Advantages of Using Cover Crops

Cover Crops

What’s so great about cover crops? By planting between growing seasons, farmers can literally turn field negatives into field positives. Take a look at the multiple advantages learned from planting appropriate cover crops. (Source: Purdue University Department of Agronomy)

1. Water erosion control in sloping fields. Research has shown that fields with wintercover plowed under in the spring have 55 percent less water runoff and 50 percent less soil loss annually than do fields with no winter cover. More recent studies show soil losses from corn or soy- beans no-tilled into a vigorous growth of rye or wheat to be 90- 95 percent less than soil losses from corn and soybeans conventionally tilled.

2. Wind erosion control. In a given state, such as Indiana, millions of acres are susceptible to wind erosion. These acres primarily consist of coarse-textured soils (sands) and mucks along major rivers. A cover crop left on the surface to be no-till planted is tremendously effective in controlling wind erosion.

3. Improved soil tilth. The added tilth from a winter cover crop, whether turned under or left on the surface, benefits many types of soils, especially but those with less than 2.5 percent organic matter in the plow layer.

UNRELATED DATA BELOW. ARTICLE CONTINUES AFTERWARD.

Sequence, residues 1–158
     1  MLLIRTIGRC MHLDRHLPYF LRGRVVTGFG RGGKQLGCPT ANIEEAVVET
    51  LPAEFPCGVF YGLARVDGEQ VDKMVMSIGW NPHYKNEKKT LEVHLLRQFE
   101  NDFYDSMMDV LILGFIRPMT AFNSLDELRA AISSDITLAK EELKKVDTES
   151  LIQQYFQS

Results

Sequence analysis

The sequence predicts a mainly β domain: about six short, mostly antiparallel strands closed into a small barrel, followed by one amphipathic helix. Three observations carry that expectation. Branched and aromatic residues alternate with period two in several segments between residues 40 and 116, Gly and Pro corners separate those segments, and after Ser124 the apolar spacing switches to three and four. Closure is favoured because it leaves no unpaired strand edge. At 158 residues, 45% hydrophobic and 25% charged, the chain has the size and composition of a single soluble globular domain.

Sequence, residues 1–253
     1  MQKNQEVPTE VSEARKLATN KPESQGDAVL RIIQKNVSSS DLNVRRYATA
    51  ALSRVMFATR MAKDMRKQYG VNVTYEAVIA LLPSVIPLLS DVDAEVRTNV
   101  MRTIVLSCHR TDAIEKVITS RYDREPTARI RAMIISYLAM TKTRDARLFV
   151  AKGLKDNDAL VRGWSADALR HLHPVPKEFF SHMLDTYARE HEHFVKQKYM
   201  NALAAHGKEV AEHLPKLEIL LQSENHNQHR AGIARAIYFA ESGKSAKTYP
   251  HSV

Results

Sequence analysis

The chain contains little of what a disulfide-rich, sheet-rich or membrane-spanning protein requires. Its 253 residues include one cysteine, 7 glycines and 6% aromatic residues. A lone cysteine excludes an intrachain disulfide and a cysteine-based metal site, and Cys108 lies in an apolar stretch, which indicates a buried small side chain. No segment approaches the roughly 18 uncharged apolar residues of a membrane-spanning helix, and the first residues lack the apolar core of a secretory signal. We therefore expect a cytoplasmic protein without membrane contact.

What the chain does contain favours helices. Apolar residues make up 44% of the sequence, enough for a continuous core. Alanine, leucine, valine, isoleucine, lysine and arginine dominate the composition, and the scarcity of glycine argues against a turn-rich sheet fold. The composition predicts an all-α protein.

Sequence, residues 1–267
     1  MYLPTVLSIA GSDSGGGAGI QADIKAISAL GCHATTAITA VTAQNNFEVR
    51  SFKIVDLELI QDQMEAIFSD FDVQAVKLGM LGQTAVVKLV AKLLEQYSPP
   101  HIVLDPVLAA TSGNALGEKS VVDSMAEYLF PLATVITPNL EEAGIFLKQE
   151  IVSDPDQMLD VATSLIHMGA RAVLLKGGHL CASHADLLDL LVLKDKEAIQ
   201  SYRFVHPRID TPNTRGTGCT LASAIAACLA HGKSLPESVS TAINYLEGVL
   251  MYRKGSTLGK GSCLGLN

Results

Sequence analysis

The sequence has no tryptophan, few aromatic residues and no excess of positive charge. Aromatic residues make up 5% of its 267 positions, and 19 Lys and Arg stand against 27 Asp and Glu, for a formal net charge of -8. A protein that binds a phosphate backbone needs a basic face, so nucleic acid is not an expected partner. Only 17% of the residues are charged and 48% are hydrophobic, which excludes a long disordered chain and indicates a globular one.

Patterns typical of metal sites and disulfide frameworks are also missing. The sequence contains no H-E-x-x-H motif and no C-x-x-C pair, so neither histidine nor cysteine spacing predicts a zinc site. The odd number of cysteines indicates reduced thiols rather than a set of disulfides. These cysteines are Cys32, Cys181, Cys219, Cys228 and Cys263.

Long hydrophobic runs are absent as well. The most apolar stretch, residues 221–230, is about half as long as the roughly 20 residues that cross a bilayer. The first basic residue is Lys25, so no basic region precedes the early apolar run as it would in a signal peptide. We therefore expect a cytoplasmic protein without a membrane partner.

4. Improved crop yield. In recent experiments in the state of Kentucky, winter cover used with no-till planting markedly increased corn yield. For instance, three-year average continuous corn yields were 8 bushels per acre greater when planted into a winter cover of rye and 25 bushels per acre greater when planted into hairy vetch than yields from plots without winter cover. The significantly higher yield in the hairy vetch cover plots was due primarily to the extra nitrogen (N) that this legume provides. All plots in the experiments had received 88 pounds of fertilizer N.

Other advantages: Cover crops recycle nutrients that might otherwise be lost to leaching during the winter and spring. Also, cover crops used in no-till production of corn or soybeans provide an excellent surface mulch after being killed with a contact herbicide; the mulch not only reduces soil erosion, but also slows evaporation of soil moisture, increases infiltration of rainfall, increases soil organic matter and aids in control of annual weeds. Additionally, cover crops can often be grazed by ruminant animals in the early spring before row crops are planted.

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